Squid Pants here checking out a variety that Simply Bare is calling (BC Organic) Lime Mi’Jito.
Lime Mi’Jito is Mojito bred by Swamp Boy Seeds Swamp Boy Seeds also bred the popular Cuban Linx variety, so you may already be familiar with their work. Lineage here is Limegerian x Orange Blossom Trail. Limegerian is said to be a Nigerian landrace with a strong lime taste and Orange Blossom Trail is another Swamp Boys offering described as a Skunk #1 derived line they call Old Florida Orange Skunk.
Simply Bare is one of Rubicon Holding’s brands. In general I’ve been pleased with what I’ve gotten from all their brands. This is a premium brand who always add “BC Organic” as a prefix to all the variety names. I consider it marketing fluff as I’m not an organic believer and yes, BC has some great growers but so do every other province and territory. That said for some these designators are important so if you love BC grows and are into organic practices, rest assured this checks those boxes.
On a personal level I find the branding of Simply Bare to be ugly. I think the font choices and layout of their name on the label is outright ugly and I hate the colour they chose for their container. That’s just aesthetics and is irrelevant to the content, but I have so few complaints on this one that I had to find a way to throw some shade, else I would not be living my true self.
As for what matters, this is a nice and strong glass jar (as in I dropped one of their jars once and it didn’t even chip) with a plastic lid. Scent is well contained and moisture is well sealed in. Jar size is appropriate for the amount of flower inside. There is no humidicant pack, but humidity is ideal and hasn’t changed since I first opened this package so no need for one.
This was packaged July 11th, 2023 and I opened it 190 days later on January 17th, 2024. Date of harvest is not indicated.
There’s a bunch of numbers on the label that are untrustworthy as I harp on and on about, so, look at the photos if you are interested in those but I have my doubts that they are at all trustworthy on any legal recreational cannabis label at all. Dominant terpenes that were tested for, in order listed, were terpinolene, farnesene, trans-caryophyllene and beta-myrcene.
Viewed in bright light sparkles nicely, but under normal light conditions doesn’t at first seem too frosty. Trichome coverage is good though. Buds are pointy and in shape and colouring are reminiscent of a Spruce tree. Stigmas are dark orange and non obtrusive, I certainly wouldn’t call it hairy.
Trim looks to have been done with electric trimmers, some sides are outright flat and clearly overtrimmed, but this doesn’t actually affect quality.
Dense with nice humidity, even throughout and with good return upon compression. Of note, squeezing revealed that these buds are not sticky. In a grinder gives some resistance, but not what I’d call chewy. Grounds are fluffy with good cohesion, really no complaints here. Even the lack of stickiness isn’t a reliable measure of quality, more just user preference.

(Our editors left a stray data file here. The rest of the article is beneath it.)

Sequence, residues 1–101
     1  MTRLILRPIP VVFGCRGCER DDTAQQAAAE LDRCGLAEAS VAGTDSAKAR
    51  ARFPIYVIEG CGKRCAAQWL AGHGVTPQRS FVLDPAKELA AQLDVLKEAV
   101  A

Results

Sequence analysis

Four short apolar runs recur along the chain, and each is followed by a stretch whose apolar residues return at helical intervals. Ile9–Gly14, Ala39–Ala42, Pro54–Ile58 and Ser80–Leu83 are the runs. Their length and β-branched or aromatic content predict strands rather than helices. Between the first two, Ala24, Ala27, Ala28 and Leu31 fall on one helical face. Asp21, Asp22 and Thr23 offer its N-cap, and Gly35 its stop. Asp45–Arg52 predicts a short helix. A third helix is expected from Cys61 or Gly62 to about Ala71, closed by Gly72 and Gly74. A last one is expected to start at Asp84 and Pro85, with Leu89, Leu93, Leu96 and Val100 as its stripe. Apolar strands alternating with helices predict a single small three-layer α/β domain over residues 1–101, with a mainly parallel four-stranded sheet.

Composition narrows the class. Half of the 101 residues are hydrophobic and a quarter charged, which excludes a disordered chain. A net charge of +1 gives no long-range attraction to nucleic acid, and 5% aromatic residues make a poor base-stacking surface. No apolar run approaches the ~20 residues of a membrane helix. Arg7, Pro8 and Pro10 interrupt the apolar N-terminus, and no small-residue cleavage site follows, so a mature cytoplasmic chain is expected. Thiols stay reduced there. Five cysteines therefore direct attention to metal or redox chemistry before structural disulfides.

Upon package opening we have terpinolene (a very pine-adjacent scent that is also similar to turpentine) by far the most dominant but strongly supported by sour lime rind. Ground, a burst of short lived skunk emerges and the profile moves a little fruitier and sweeter with bolder floral notes.
Lime rind is the focus, but sweet lime juice is also present (of note is that terpinolene’s smell is closer to pine but taste is sweeter according to the literature, and my experience does match the research). Floral notes are supporting and round out what is a tasty treat. Taste is honestly very close to what I imagined it might be before opening it.
I consumed this in a vaporizer (Volcano) and here we have my only true complaint; taste was incredible on the first round but was close to absent on round two already. This is a light burning twice as bright for half as long. Also those who know me know I think the contribution to effects from terpenes is massively overrated and that a better avenue of research is the minor cannabinoids. This weed further cemented my view as terpinolene is supposed to be sedative which for me this cannabis was not at all, and even when the taste was at zero, the effects were identical to me. However of course I am often wrong, not a chemist nor a biologist and everyone is different so you go with what you like.
Price and Value
I got this from Tokyo Smoke at Bloor St and Bathurst St here in Toronto where I paid $44.20 for 3.5 grams before tax. That works out to $12.63 a gram, which is in the expensive range.
As for value, the only other terpinolene dominant offering that jumps to mind is Pomelo Skunk from Victoria Cannabis Company, so if you are a fan of that scent/taste, which I admit has grown on me, then you have two really great examples of it available. With respect to this product in isolation, you are getting a great product that seems worth the premium to me.
Again I can’t help but note that this is very much in the same taste and scent domain as Pomelo Skunk, and if you try one and like it, I encourage you to try the other as well. Back to focusing only on this review, despite the short duration of flavour, I really do like this and am glad I got talked into this purchase by the budtender.